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Saturday, November 3, 2012

Life and times of Kwakwaka'wakw activist Jane Constance Cook (1870-1951)

And another, published this summer, a life and times style biography from UBC Press, Standing Up with Ga'axsta'las: Jane Constance Cook and the Politics of Memory, Church, and Custom by anthropologist Leslie Robertson and the Kwagu’l Gixsam Clan.  Order here.

Says UBC press:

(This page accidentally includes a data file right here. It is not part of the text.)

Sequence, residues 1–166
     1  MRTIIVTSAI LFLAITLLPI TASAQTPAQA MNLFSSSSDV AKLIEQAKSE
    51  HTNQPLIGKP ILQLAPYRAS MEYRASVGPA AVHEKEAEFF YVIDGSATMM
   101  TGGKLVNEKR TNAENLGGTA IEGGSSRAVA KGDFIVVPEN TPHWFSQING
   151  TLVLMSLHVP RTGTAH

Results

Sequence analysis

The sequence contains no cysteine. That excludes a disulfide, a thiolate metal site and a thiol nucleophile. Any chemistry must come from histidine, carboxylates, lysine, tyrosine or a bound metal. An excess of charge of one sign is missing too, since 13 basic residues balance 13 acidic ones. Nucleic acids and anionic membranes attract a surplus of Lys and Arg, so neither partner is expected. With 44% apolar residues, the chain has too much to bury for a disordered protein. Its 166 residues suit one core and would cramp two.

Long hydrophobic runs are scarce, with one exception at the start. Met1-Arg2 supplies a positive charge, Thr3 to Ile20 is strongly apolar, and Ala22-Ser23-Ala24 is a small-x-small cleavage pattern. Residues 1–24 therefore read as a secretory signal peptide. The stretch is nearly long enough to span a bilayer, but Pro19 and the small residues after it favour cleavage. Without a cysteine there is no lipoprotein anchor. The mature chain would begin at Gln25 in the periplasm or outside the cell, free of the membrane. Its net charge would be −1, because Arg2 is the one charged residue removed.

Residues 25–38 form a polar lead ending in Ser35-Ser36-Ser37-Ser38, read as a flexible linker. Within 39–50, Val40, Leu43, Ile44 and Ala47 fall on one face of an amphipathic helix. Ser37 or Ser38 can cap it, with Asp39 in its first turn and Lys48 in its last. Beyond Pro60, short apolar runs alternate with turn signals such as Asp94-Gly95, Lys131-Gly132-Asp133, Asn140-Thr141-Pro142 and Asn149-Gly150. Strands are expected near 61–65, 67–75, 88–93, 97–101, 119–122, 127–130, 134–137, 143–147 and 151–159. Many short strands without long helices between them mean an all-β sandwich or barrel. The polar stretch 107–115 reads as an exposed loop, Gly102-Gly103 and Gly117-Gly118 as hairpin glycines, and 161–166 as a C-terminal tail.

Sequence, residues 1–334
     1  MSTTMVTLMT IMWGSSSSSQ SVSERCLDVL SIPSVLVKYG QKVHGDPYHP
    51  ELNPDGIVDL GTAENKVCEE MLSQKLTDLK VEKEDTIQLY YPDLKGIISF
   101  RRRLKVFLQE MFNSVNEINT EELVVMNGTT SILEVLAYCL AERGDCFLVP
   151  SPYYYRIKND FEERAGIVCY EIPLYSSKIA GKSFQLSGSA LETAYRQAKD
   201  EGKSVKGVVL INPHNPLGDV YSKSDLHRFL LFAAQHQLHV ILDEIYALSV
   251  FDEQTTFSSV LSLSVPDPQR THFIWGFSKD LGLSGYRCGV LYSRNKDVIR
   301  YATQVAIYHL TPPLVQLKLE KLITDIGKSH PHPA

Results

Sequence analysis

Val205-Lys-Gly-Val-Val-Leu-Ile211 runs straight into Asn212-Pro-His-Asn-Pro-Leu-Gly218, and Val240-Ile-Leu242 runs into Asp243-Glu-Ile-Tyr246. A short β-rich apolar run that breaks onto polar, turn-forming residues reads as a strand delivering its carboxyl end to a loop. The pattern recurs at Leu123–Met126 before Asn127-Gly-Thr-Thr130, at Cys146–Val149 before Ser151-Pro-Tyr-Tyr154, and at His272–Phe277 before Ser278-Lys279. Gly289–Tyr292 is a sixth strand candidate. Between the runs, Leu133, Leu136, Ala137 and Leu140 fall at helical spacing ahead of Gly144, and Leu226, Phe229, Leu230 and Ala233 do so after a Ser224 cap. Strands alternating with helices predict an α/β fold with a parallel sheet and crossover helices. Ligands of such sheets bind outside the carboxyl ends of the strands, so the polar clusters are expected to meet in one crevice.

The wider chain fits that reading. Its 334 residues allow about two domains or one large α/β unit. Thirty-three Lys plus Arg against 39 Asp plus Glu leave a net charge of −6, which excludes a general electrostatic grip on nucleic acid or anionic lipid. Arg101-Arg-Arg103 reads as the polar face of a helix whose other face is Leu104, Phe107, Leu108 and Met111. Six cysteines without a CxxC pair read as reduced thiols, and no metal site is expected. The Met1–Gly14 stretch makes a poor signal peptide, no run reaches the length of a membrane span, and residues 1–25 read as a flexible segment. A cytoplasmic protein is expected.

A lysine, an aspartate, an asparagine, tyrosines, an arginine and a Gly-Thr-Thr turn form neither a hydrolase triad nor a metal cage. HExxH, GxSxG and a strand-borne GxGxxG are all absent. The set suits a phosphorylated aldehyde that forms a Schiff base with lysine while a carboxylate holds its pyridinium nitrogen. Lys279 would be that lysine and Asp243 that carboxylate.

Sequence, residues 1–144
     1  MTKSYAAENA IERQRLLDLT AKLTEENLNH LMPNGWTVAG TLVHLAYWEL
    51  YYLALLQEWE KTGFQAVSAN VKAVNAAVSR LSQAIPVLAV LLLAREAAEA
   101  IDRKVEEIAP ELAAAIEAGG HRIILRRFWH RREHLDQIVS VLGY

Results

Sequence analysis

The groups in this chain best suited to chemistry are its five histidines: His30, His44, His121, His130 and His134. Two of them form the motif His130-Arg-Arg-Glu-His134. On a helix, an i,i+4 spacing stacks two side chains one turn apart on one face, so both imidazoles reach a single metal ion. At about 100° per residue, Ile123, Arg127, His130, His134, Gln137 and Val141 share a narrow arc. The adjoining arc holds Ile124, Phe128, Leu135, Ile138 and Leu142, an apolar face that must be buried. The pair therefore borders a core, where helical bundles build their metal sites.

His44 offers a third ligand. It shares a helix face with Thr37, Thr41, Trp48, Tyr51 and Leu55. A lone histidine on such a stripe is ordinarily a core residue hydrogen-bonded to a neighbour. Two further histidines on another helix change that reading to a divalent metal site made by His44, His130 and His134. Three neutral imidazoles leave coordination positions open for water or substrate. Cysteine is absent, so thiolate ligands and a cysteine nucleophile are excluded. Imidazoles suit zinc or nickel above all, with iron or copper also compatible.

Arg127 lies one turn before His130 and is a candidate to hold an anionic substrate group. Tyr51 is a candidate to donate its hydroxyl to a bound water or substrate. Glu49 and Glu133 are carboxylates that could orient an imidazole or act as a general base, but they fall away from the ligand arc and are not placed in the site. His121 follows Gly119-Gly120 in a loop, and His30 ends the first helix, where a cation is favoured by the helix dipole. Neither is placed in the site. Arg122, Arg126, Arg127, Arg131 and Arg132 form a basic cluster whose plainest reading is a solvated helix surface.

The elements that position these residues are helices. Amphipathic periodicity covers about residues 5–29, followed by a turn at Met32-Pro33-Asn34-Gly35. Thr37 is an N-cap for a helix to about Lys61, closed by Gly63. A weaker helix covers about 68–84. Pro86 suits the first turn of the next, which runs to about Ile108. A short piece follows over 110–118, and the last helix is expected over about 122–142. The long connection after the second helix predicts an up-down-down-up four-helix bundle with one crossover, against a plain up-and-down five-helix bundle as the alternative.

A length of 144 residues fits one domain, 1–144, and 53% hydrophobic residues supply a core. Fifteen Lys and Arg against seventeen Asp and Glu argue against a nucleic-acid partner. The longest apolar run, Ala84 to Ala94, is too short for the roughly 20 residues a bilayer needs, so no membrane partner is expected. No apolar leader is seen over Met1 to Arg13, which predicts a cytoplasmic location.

Standing Up with Ga'axsta'las is a compelling conversation with the colonial past initiated by the descendants of Kwakwaka'wakw leader and activist, Jane Constance Cook (1870-1951). Working in collaboration, Robertson and Cook's descendants open this history, challenging dominant narratives that misrepresent her motivations for criticizing customary practices and eventually supporting the potlatch ban. Drawing from oral histories, archival materials, and historical and anthropological works, they offer a nuanced portrait of a high-ranked woman who was a cultural mediator; devout Christian; and activist for land claims, fishing and resource rights, and adequate health care. Ga'axsta'las testified at the McKenna-McBride Royal Commission, was the only woman on the executive of the Allied Indian Tribes of BC, and was a fierce advocate for women and children. This powerful meditation on memory documents how the Kwagu'l Gixsam revived their dormant clan to forge a positive social and cultural identity for future generations through feasting and potlatching.

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